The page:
1. Give the methods that are used in page table and TLB for searching the accessing pages. Compare the differences on the searches between these two hardwares and give reasons why TLB will help the search of the pages.
Address generated by CPU is divided into:
(1) Page number (p): used as an index into a page table which contains base address of each page in physical memory.
(2) Page offset (d): combined with base address to define the physical memory address that is sent to the memory unit.
When presented with an item, it is compared with all keys simultaneously.
If the page number is found in the TLB, its frame number is immediately available and used to access memory.
If the page number is not in the TLB, a memory reference to the page table must be made.
The differences between page table and TLB are that page table can directly find physical address through the page number while TLB uses the method which compared with all page numbers simultaneously.
If the page number is not in the TLB, and it will go to page table. Because page table is in the main memory, we should use TLB to avoid taking much time to search.
2. What is the purpose of paging the page table?
In certain situations the page tables could become large enough that by paging the page tables, one could simplify the memory allocation problem (by ensuring that everything is allocated as fixed-size pages as opposed to variable-sized chunks) and also enable the swapping of portions of page table that are not currently used.
3. Consider a 32bit address space with 2K bytes page size, assuming that each entry consists of 4 bytes, how much memory are required for the page table for each process? Explain your reason.
The size of each page is 2K (2^11 bytes).
Total number of pages is 2^32/2^11=2^21 pages.
Since each entry is 4 bytes, we require 4x2^21 = 2^23 bytes = 8 MB to hold this table.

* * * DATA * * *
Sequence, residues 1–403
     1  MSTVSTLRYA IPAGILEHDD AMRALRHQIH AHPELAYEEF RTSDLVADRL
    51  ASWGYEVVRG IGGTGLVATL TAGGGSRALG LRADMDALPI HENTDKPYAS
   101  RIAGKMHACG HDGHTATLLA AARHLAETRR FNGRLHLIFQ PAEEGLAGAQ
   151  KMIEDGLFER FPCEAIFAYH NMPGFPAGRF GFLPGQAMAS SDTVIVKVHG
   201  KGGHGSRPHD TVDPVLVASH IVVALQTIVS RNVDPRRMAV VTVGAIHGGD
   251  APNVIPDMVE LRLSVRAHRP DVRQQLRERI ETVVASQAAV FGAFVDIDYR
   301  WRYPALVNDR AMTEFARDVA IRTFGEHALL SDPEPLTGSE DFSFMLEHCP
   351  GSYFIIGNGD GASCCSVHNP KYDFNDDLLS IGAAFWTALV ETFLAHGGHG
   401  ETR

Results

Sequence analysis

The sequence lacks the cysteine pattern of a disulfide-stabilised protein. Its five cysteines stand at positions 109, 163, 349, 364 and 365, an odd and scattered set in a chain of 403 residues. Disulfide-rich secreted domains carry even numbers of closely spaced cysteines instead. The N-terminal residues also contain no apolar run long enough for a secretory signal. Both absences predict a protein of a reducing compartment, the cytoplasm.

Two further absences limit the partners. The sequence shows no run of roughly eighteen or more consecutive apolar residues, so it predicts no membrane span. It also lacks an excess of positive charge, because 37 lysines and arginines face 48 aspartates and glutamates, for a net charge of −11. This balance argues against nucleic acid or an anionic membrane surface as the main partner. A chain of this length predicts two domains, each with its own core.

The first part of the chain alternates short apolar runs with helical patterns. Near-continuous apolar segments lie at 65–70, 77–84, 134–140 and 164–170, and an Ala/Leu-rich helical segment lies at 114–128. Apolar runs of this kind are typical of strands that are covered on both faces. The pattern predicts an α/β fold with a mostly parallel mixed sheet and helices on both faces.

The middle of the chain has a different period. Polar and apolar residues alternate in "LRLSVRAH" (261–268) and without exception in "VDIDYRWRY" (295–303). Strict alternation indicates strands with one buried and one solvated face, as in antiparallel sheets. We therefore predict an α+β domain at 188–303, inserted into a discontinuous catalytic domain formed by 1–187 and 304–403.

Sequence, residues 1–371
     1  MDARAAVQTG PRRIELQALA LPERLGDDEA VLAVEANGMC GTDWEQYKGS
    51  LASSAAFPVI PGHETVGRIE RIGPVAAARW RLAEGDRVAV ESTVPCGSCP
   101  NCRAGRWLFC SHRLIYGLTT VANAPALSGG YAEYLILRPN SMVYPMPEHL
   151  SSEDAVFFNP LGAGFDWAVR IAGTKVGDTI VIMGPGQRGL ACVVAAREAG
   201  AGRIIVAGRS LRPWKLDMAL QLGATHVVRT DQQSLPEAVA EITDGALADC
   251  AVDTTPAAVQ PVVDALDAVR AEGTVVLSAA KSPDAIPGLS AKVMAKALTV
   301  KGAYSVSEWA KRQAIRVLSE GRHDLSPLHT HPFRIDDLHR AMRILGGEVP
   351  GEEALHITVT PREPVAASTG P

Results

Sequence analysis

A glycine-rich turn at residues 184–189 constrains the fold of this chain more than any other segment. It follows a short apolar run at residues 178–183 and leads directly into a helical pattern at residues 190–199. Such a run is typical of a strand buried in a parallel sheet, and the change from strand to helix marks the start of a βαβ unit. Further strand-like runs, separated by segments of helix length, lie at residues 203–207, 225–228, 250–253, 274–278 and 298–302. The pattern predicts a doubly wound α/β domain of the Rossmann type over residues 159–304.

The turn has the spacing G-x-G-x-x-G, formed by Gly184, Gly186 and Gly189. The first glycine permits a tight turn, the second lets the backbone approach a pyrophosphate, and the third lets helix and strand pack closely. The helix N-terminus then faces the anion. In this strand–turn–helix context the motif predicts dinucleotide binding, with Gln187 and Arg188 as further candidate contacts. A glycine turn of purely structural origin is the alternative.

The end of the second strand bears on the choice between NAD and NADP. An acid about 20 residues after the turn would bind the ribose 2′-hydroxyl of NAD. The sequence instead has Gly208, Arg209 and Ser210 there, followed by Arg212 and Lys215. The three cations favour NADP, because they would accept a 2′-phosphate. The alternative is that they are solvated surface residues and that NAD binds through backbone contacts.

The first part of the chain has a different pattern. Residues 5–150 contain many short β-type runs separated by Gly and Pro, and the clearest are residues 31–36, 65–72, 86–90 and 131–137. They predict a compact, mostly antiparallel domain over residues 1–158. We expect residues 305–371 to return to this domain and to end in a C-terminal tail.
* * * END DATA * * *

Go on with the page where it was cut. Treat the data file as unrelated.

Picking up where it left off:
4. Compare the main memory organization schemes of contiguous-memory allocation, pure segmentation, and pure paging with respect to the following issues:
a. external fragmentation
b. internal fragmentation
c. ability to share code across processes
Contiguous memory allocation scheme suffers from external fragmentation as address spaces are allocated contiguously and holes develop as old processes dies and new processes are initiated. It also does not allow processes to share code, since a process’s virtual memory segment is not broken into non-contiguous fine grained segments.
Pure segmentation also suffers from external fragmentation as a segment of a process is laid out contiguously in physical memory and fragmentation would occur as segments of dead processes are replaced by segments of new processes.
Segmentation, however, enables processes to share code;for instance, two different processes could share a code segment but have distinct data segments.
Pure paging does not suffer from external fragmentation, but instead suffers from internal fragmentation. Processes are allocated in page granularity and if a page is not completely utilized, it results in internal fragmentation and a corresponding wastage of space.Paging also enables processes to share code at the granularity of pages.
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